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April 1, 2003     The Ortonville Independent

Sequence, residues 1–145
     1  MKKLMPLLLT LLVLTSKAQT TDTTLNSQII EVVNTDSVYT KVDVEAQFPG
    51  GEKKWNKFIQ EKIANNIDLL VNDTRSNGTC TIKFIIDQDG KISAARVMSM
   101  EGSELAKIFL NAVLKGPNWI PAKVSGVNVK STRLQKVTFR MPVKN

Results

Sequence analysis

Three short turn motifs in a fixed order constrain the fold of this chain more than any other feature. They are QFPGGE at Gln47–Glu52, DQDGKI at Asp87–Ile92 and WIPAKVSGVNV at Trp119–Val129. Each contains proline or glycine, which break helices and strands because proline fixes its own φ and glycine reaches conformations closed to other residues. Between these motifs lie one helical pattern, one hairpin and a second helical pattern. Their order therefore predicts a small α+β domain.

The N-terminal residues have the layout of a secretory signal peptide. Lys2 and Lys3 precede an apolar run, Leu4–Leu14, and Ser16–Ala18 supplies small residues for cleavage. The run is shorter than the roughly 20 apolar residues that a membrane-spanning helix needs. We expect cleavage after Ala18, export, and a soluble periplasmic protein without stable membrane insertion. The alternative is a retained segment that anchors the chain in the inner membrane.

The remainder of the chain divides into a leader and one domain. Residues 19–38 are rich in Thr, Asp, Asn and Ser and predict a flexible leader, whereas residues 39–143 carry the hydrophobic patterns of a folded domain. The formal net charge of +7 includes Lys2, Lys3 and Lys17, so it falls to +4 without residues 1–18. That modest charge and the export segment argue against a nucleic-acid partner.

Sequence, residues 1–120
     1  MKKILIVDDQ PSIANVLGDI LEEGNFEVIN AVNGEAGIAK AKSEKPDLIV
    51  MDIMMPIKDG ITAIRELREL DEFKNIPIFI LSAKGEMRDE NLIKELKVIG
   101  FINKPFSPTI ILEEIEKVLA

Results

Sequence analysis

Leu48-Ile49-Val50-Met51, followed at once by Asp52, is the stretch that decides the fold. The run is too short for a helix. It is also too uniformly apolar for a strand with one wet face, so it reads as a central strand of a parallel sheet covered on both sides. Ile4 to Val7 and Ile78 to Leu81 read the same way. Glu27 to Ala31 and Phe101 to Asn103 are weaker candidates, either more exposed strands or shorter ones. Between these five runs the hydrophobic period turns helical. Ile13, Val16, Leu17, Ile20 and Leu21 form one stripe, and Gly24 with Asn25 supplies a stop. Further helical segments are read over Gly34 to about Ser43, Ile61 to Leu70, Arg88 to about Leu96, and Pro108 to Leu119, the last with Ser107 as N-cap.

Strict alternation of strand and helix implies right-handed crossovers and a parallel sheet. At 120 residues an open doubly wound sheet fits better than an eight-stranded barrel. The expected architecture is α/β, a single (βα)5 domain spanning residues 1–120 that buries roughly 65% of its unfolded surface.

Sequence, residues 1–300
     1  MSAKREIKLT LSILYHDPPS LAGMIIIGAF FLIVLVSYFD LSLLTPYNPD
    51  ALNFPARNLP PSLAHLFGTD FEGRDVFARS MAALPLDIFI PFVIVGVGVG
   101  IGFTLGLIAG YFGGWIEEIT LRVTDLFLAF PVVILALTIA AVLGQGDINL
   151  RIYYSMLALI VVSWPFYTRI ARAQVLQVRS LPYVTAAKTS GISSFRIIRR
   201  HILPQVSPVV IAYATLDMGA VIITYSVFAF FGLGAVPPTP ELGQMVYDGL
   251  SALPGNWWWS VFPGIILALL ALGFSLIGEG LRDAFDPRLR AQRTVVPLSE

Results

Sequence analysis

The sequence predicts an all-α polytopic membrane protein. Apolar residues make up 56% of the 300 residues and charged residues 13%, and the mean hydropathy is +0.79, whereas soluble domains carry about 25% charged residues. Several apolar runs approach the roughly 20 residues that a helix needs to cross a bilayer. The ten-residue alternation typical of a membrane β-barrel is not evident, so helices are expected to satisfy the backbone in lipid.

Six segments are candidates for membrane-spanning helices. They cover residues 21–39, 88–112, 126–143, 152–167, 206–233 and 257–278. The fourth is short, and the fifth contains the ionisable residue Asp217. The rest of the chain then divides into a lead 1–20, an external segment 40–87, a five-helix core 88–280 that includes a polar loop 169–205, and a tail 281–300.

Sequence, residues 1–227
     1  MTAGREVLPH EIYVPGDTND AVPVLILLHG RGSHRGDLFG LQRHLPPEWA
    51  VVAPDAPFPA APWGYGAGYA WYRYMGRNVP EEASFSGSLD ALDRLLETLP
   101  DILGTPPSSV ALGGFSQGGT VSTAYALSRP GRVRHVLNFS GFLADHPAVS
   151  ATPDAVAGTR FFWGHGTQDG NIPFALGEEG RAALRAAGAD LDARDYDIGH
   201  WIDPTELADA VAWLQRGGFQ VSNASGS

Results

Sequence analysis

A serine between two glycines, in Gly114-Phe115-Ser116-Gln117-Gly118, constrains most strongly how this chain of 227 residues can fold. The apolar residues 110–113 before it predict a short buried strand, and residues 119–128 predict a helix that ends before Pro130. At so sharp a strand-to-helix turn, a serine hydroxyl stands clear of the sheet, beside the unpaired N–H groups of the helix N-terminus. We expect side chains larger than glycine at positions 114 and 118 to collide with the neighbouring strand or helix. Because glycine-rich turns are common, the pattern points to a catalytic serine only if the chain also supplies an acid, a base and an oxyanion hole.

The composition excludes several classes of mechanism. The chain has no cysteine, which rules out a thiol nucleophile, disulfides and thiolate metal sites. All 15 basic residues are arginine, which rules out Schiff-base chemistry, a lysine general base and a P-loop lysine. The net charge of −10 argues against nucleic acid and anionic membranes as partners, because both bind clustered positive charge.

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C BASEBALL players for the 2003 season are Travis Ninneman, Kelly Stattelman, Tony Franzky. ........... : •• , , ......... :!i! ¸¸ ii!i ¸ PLAYERS Cory Stattelman, Craig Mork and Blayn Ronglien warm up for baseball prac- their first game on April 3 at Hancock. it is watchword for ...... oar burning being issued by of Natural Resources Who are anxious to :, DNR Regional UIm, said that ng ban has not been Minnesota, condi- for fires to of snowfall the danger, caution people debris until the and leaves are fully said. "It is very get started under And it can be very difficult - and expensive - for local fire departments to have to try and put them out." When conditions permit, Romaine offers the following tips for any out- door burning: • Always obtain'a burning permit and notify the local fire authority of your plans. • Clear all vegetation for at least ten feet around the burn pile. • Have hand tools and water avail- able to control the fire. • Stay with the fire until it is dead. The DNR has announced it intends to impose burning restrictions over much of central and northern Minnesota within the next two weeks. While there are no plans to restrict burning in southern Minnesota at this point, that could occur if dry condi- tions persist, Romaine noted. Romaine also added that pre- scribed burns, which are used as a tool to enhance native grass plantings, are best done prior to green-up. "This is the time of year when many wild land management agencies are out doing prescribed burns," Romaine said. "But these burns are done only under a detailed plan and under weather conditions that allow for safe pre- scribed burning." report Educator, Nutrition 28, Suite 1 56267 IS THERE RRY ABOUT tlr " ii:il ?i see if we can help more about rat! When we eat and oils triglycerides. end up in your re often found as they are the body by the They can tr body just as we are not s the reason these confused. They Cholesterol is axy, powdery taste or see you eat. dangerous? the blood often of some sort. ˘cerides are bmcrease in LDL ad" one) and a (the are if you have high triglycerides, you have high cholesterol, but there are always exceptions to the rule. We can say then that high triglycerides are indirectly associated with heart disease, because high LDL cholesterol and low' HDL cholesterol are linked to heart disease. A triglyceride measurement by itself is useless and it must be accompanied by a complete lipoprotein cholesterol determination to give us any helpful information as triglyceride levels vary greatly. Normal triglyceride levels are 85 to 250 mg/dl and 250"to 500 mg/dl is considered borderline-high. What can you do then to improve your triglyceride number'? The treatment for high triglycerides is similar to the treatment for high cholesterol: reduce total fat and cholesterol in the diet, quit smoking, control your blood pressure, lose weight if you need to, and exercise regularly. It is also helpful to your health and triglyceride level to move the complex carbohydrates you eat in your diet to whole grains (oatmeal, brown rice, pearl barley, popcorn, whole wheat, wild rice, buckwheat, cornmeal, and whole rye) as much as possible. It is also important to remember that both triglycerides and cholesterol increase as we grow older; therefore, Craig Hassel University of Minnesota Extension Service nutrition specialist tells us, "Judging whether any treatment should be imposed is ultimately a personal matter and must be made on an individual basis in consultation with your health care professional." Karl Beran is an educator with the University of Minnesota Extension Service in Health and Nutrition serving the West Central District that includes Big Stone County, [ TAKŁ OUTTO ITHE TWl tVS t Watch your Minnesota Twins up close at the Metrodome all season! Round-trip bus & great lower level reserved ticket packages available from just $59 per person. Comfortable motorcoach buses are departing from more than 200 communities across Minnesota throughout the 2003 season! Wherever you live, a bus is leaving from somewhere nearby! No traffic, parking. or ticket hassles! We've got all the bases covered! Call (888) 894-6703 or visit www.twinsbus.com for a complete listing of dates and locations. Peterson seeks major expansion of wind energy Xcel lobbying sinks plan to expand west-central windfarms. Rep. Aaron Peterson, joined by Lincoln County Commissioner and former state agriculture commissioner Jim Nichols, launched a major effort to require expansion of wind-energy production in West-Central Minnesota as legislators considered the bill authorizing more nuclear waste stor- age in the state - but the proposal was killed as Xcel Energy continued to resist restrictions on the bill. "This was an opportunity to change the direction of energy policy in Minnesota away from costly and unsustainable nuclear power," Peterson, of rural Madison said. "This was a vote against small-scale, home- grown wind energy production that creates jobs, tax dollars and profits to small businesses in Rural Minnesota, and in favor of continued corporate control over our energy supply." As the House Environment Committee considered legislation authorizing expanded storage of nuclear waste at Xcel's Prairie Island nuclear powerplant near Red Wing, Peterson offered a proposal that laid out a road map for an orderly shut- down of the plant over the next decade. The generating capacity of Prairie Island would be replaced with 500 megawatts of new wind-energy systems in Western Minnesota. "The very fact that we are consid- ering a nuclear waste-storage bill for the second time in nine years shows the fundamental problem. Nobody knows what to do with the radioactive waste," Peterson said. "The federal government hasn't lived up to its promises to take it. No other state wants it. Prairie Island and its waste will be a burden to Minnesota taxpay- ers and consumers for decades to come." In contrast, windfarms produce no waste and do not require a costly infrastructure of publicly funded roads and security, Peterson and Nichols told the committee. Because there are no such costs, many eco- nomic calculations show wind energy is more cost-effective than nuclear or even coal plants. "The bottom line is that Xcel Energy wants to continue 'business as usual' and only gives a nod toward other forms," Peterson said. "You can't keep sweeping nuclear 'aste under the rug forever." Health purchasing alliance moving forward in Minnesota During the winters of 2002 and 2003, public forums were held in Montevideo, Morris, Alexandria and Willmar to determine the interest and need for the formation of a Health Care Purchasing Alliance in the west central region. Two hundred people representing various sectors including health care providers, businesses, insurance agents, farmers, local governments, and individuals concerned about health care access and cost participat- ed in the forums• The forums featured a presentation summarizing the challenges of insur- ing employees in our rural area and how that effects the overall economic situation. The participants shared some of the challenges regarding health care coverage for both private and public sectors, increasing rates, lack of choices, the need to stabilize premium, and retention of employees in the area. Many forum participants indicated an interest in consumer accountabili- ty. Consumers are not always aware of the costs of various procedures and medications, and would alter their behavior if they were aware of these costs. Others argued for different and more creative cost sharing plans. Most seemed interested in the ability to create customized health care plans for the region. With the help of Liz Quam Berne from Advocates for Marketplace Options for Mainstreet, and several volunteer panelists from other orga- nized regional Purchasing Alliances in Minnesota, participants were intro- duced to potential solutions to the problems of affordable and accessible health care. Forum participants expressed an interest in being able to customize a benefits package that could be competitively priced and attractive to small businesses. Participants responded to several questions regarding health care cover- age changes, importance of several related health care issues and spoke of how supportive they were in forming a Health Purchasing Alliance in west central Minnesota. 79% of the forum participants indicated that they expe- rienced significant changes in their health care coverage that has affected their ability to offer employer spon- sored health care coverage. Ninety-three percent of the forum participants supported the formation of the Health Care Purchasing Alliance in Minnesota. Thirty five of the forum participants volunteered to serve on the Steering Committee to move the process forward. Since the forums, the volunteer Steering Committee has been meeting monthly to move the process forward so that a product can be developed in a year or two. The committee is in the first phase of organizing the legal entity of an alliance, and seeking additional grant dollars to support the needed work. The West Central Regional Sustainable Development Partnership provided funding for the public forums, coordination and research needs to support the work of the Steering Committee. The University of Minnesota Morris and the Center for Small Towns are providing research, survey assessment and plan- ning assistance for the project, For more information on the Health Care Purchasing Alliance, con- tact Dorothy Rosemeier, staff of the West Central Regional Sustainable Development Partnership at (320) 589-1711, or toll free at (866) 589- 1711, or Susan Brickweg, coordinator for the project at (320) 269-8484, or check out the web site at www.insure- ruralminnesota.org. INDEPENDENT WANT ADS PAY - Ortonville " Municipal ' Golf Course - 2003 SEASON ORTONVILLE, MINNESOTA MEMBERSHIP SCHEDULE Regular Adult Membership* ..................... $295.00 (If paid by April 15th) After April 15, 2003 - $330.00 Family Memberships (Age 18 & under)* ............................... $630.00 (if paid by A:pril 15th) After April 15, 2003 - $725.00 *Discount is offered if purchased by April 15, 2003 to Adult Memberships ONLY Age 19-22 ........................ . ................................................ $158.00 Age 13-18 ......................................................................... $ 95.00 Age 12 & under ................................................................. $ 53.00 New Member Discount** ................................ , .................... $255.00 **25% Dscount is offered to NEW ADULT Memberships (This offer is for adults who haoe not had a membership within the last floe years at the Ortonuille Golf Course.) CART HOUSE RENTALS Rental Fee for Private Shed ...................................................................................... $105.00 Electricity (if needed) .................................................................................................. $20.00 User Fee (to use cart on the course) ...................................................... " ..................... $120.00 Call or stop in to purchase memberships al: Ortonville City Office 315 Madison Avenue Ortonville, MN 56278 320-839-3428 [ II I OR Ortonville Clubhouse Golf Course Road Ortonville, MN 56278 320-839-3606 III I I 1, 2003 "- INDEPENDENT Page 9 C BASEBALL players for the 2003 season are Travis Ninneman, Kelly Stattelman, Tony Franzky. ........... : •• , , ......... :!i! ¸¸ ii!i ¸ PLAYERS Cory Stattelman, Craig Mork and Blayn Ronglien warm up for baseball prac- their first game on April 3 at Hancock. it is watchword for ...... oar burning being issued by of Natural Resources Who are anxious to :, DNR Regional UIm, said that ng ban has not been Minnesota, condi- for fires to of snowfall the danger, caution people debris until the and leaves are fully said. "It is very get started under And it can be very difficult - and expensive - for local fire departments to have to try and put them out." When conditions permit, Romaine offers the following tips for any out- door burning: • Always obtain'a burning permit and notify the local fire authority of your plans. • Clear all vegetation for at least ten feet around the burn pile. • Have hand tools and water avail- able to control the fire. • Stay with the fire until it is dead. The DNR has announced it intends to impose burning restrictions over much of central and northern Minnesota within the next two weeks. While there are no plans to restrict burning in southern Minnesota at this point, that could occur if dry condi- tions persist, Romaine noted. Romaine also added that pre- scribed burns, which are used as a tool to enhance native grass plantings, are best done prior to green-up. "This is the time of year when many wild land management agencies are out doing prescribed burns," Romaine said. "But these burns are done only under a detailed plan and under weather conditions that allow for safe pre- scribed burning." report Educator, Nutrition 28, Suite 1 56267 IS THERE RRY ABOUT tlr " ii:il ?i see if we can help more about rat! When we eat and oils triglycerides. end up in your re often found as they are the body by the They can tr body just as we are not s the reason these confused. They Cholesterol is axy, powdery taste or see you eat. dangerous? the blood often of some sort. ˘cerides are bmcrease in LDL ad" one) and a (the are if you have high triglycerides, you have high cholesterol, but there are always exceptions to the rule. We can say then that high triglycerides are indirectly associated with heart disease, because high LDL cholesterol and low' HDL cholesterol are linked to heart disease. A triglyceride measurement by itself is useless and it must be accompanied by a complete lipoprotein cholesterol determination to give us any helpful information as triglyceride levels vary greatly. Normal triglyceride levels are 85 to 250 mg/dl and 250"to 500 mg/dl is considered borderline-high. What can you do then to improve your triglyceride number'? The treatment for high triglycerides is similar to the treatment for high cholesterol: reduce total fat and cholesterol in the diet, quit smoking, control your blood pressure, lose weight if you need to, and exercise regularly. It is also helpful to your health and triglyceride level to move the complex carbohydrates you eat in your diet to whole grains (oatmeal, brown rice, pearl barley, popcorn, whole wheat, wild rice, buckwheat, cornmeal, and whole rye) as much as possible. It is also important to remember that both triglycerides and cholesterol increase as we grow older; therefore, Craig Hassel University of Minnesota Extension Service nutrition specialist tells us, "Judging whether any treatment should be imposed is ultimately a personal matter and must be made on an individual basis in consultation with your health care professional." Karl Beran is an educator with the University of Minnesota Extension Service in Health and Nutrition serving the West Central District that includes Big Stone County, [ TAKŁ OUTTO ITHE TWl tVS t Watch your Minnesota Twins up close at the Metrodome all season! Round-trip bus & great lower level reserved ticket packages available from just $59 per person. Comfortable motorcoach buses are departing from more than 200 communities across Minnesota throughout the 2003 season! Wherever you live, a bus is leaving from somewhere nearby! No traffic, parking. or ticket hassles! We've got all the bases covered! Call (888) 894-6703 or visit www.twinsbus.com for a complete listing of dates and locations. Peterson seeks major expansion of wind energy Xcel lobbying sinks plan to expand west-central windfarms. Rep. Aaron Peterson, joined by Lincoln County Commissioner and former state agriculture commissioner Jim Nichols, launched a major effort to require expansion of wind-energy production in West-Central Minnesota as legislators considered the bill authorizing more nuclear waste stor- age in the state - but the proposal was killed as Xcel Energy continued to resist restrictions on the bill. "This was an opportunity to change the direction of energy policy in Minnesota away from costly and unsustainable nuclear power," Peterson, of rural Madison said. "This was a vote against small-scale, home- grown wind energy production that creates jobs, tax dollars and profits to small businesses in Rural Minnesota, and in favor of continued corporate control over our energy supply." As the House Environment Committee considered legislation authorizing expanded storage of nuclear waste at Xcel's Prairie Island nuclear powerplant near Red Wing, Peterson offered a proposal that laid out a road map for an orderly shut- down of the plant over the next decade. The generating capacity of Prairie Island would be replaced with 500 megawatts of new wind-energy systems in Western Minnesota. "The very fact that we are consid- ering a nuclear waste-storage bill for the second time in nine years shows the fundamental problem. Nobody knows what to do with the radioactive waste," Peterson said. "The federal government hasn't lived up to its promises to take it. No other state wants it. Prairie Island and its waste will be a burden to Minnesota taxpay- ers and consumers for decades to come." In contrast, windfarms produce no waste and do not require a costly infrastructure of publicly funded roads and security, Peterson and Nichols told the committee. Because there are no such costs, many eco- nomic calculations show wind energy is more cost-effective than nuclear or even coal plants. "The bottom line is that Xcel Energy wants to continue 'business as usual' and only gives a nod toward other forms," Peterson said. "You can't keep sweeping nuclear 'aste under the rug forever." Health purchasing alliance moving forward in Minnesota During the winters of 2002 and 2003, public forums were held in Montevideo, Morris, Alexandria and Willmar to determine the interest and need for the formation of a Health Care Purchasing Alliance in the west central region. Two hundred people representing various sectors including health care providers, businesses, insurance agents, farmers, local governments, and individuals concerned about health care access and cost participat- ed in the forums• The forums featured a presentation summarizing the challenges of insur- ing employees in our rural area and how that effects the overall economic situation. The participants shared some of the challenges regarding health care coverage for both private and public sectors, increasing rates, lack of choices, the need to stabilize premium, and retention of employees in the area. Many forum participants indicated an interest in consumer accountabili- ty. Consumers are not always aware of the costs of various procedures and medications, and would alter their behavior if they were aware of these costs. Others argued for different and more creative cost sharing plans. Most seemed interested in the ability to create customized health care plans for the region. With the help of Liz Quam Berne from Advocates for Marketplace Options for Mainstreet, and several volunteer panelists from other orga- nized regional Purchasing Alliances in Minnesota, participants were intro- duced to potential solutions to the problems of affordable and accessible health care. Forum participants expressed an interest in being able to customize a benefits package that could be competitively priced and attractive to small businesses. Participants responded to several questions regarding health care cover- age changes, importance of several related health care issues and spoke of how supportive they were in forming a Health Purchasing Alliance in west central Minnesota. 79% of the forum participants indicated that they expe- rienced significant changes in their health care coverage that has affected their ability to offer employer spon- sored health care coverage. Ninety-three percent of the forum participants supported the formation of the Health Care Purchasing Alliance in Minnesota. Thirty five of the forum participants volunteered to serve on the Steering Committee to move the process forward. Since the forums, the volunteer Steering Committee has been meeting monthly to move the process forward so that a product can be developed in a year or two. The committee is in the first phase of organizing the legal entity of an alliance, and seeking additional grant dollars to support the needed work. The West Central Regional Sustainable Development Partnership provided funding for the public forums, coordination and research needs to support the work of the Steering Committee. The University of Minnesota Morris and the Center for Small Towns are providing research, survey assessment and plan- ning assistance for the project, For more information on the Health Care Purchasing Alliance, con- tact Dorothy Rosemeier, staff of the West Central Regional Sustainable Development Partnership at (320) 589-1711, or toll free at (866) 589- 1711, or Susan Brickweg, coordinator for the project at (320) 269-8484, or check out the web site at www.insure- ruralminnesota.org. INDEPENDENT WANT ADS PAY - Ortonville " Municipal ' Golf Course - 2003 SEASON ORTONVILLE, MINNESOTA MEMBERSHIP SCHEDULE Regular Adult Membership* ..................... $295.00 (If paid by April 15th) After April 15, 2003 - $330.00 Family Memberships (Age 18 & under)* ............................... $630.00 (if paid by A:pril 15th) After April 15, 2003 - $725.00 *Discount is offered if purchased by April 15, 2003 to Adult Memberships ONLY Age 19-22 ........................ . ................................................ $158.00 Age 13-18 ......................................................................... $ 95.00 Age 12 & under ................................................................. $ 53.00 New Member Discount** ................................ , .................... $255.00 **25% Dscount is offered to NEW ADULT Memberships (This offer is for adults who haoe not had a membership within the last floe years at the Ortonuille Golf Course.) CART HOUSE RENTALS Rental Fee for Private Shed ...................................................................................... $105.00 Electricity (if needed) .................................................................................................. $20.00 User Fee (to use cart on the course) ...................................................... " ..................... $120.00 Call or stop in to purchase memberships al: Ortonville City Office 315 Madison Avenue Ortonville, MN 56278 320-839-3428 [ II I OR Ortonville Clubhouse Golf Course Road Ortonville, MN 56278 320-839-3606 III I I 1, 2003 "- INDEPENDENT Page 9